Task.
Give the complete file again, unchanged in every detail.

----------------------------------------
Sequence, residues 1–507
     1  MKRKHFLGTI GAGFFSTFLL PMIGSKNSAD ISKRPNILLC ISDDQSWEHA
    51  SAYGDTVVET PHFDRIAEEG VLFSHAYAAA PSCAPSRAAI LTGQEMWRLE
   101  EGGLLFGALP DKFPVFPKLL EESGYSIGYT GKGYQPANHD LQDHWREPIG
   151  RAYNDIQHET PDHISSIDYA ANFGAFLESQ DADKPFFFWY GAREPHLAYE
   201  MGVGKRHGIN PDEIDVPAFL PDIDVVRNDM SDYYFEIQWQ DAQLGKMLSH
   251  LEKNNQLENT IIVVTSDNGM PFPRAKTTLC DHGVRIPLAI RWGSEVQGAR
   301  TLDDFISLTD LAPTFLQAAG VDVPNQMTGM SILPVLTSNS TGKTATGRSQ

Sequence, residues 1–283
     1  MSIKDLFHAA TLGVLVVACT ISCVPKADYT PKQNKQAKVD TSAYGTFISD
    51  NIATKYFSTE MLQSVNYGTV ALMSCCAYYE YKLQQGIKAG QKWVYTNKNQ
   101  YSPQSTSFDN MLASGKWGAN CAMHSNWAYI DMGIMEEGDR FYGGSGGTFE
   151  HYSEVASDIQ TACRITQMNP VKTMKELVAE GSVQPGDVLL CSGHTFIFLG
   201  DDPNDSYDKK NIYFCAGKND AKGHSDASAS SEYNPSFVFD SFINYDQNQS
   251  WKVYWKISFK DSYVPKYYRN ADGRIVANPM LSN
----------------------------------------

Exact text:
Sequence, residues 1–507
     1  MKRKHFLGTI GAGFFSTFLL PMIGSKNSAD ISKRPNILLC ISDDQSWEHA
    51  SAYGDTVVET PHFDRIAEEG VLFSHAYAAA PSCAPSRAAI LTGQEMWRLE
   101  EGGLLFGALP DKFPVFPKLL EESGYSIGYT GKGYQPANHD LQDHWREPIG
   151  RAYNDIQHET PDHISSIDYA ANFGAFLESQ DADKPFFFWY GAREPHLAYE
   201  MGVGKRHGIN PDEIDVPAFL PDIDVVRNDM SDYYFEIQWQ DAQLGKMLSH
   251  LEKNNQLENT IIVVTSDNGM PFPRAKTTLC DHGVRIPLAI RWGSEVQGAR
   301  TLDDFISLTD LAPTFLQAAG VDVPNQMTGM SILPVLTSNS TGKTATGRSQ

Sequence, residues 1–283
     1  MSIKDLFHAA TLGVLVVACT ISCVPKADYT PKQNKQAKVD TSAYGTFISD
    51  NIATKYFSTE MLQSVNYGTV ALMSCCAYYE YKLQQGIKAG QKWVYTNKNQ
   101  YSPQSTSFDN MLASGKWGAN CAMHSNWAYI DMGIMEEGDR FYGGSGGTFE
   151  HYSEVASDIQ TACRITQMNP VKTMKELVAE GSVQPGDVLL CSGHTFIFLG
   201  DDPNDSYDKK NIYFCAGKND AKGHSDASAS SEYNPSFVFD SFINYDQNQS
   251  WKVYWKISFK DSYVPKYYRN ADGRIVANPM LSN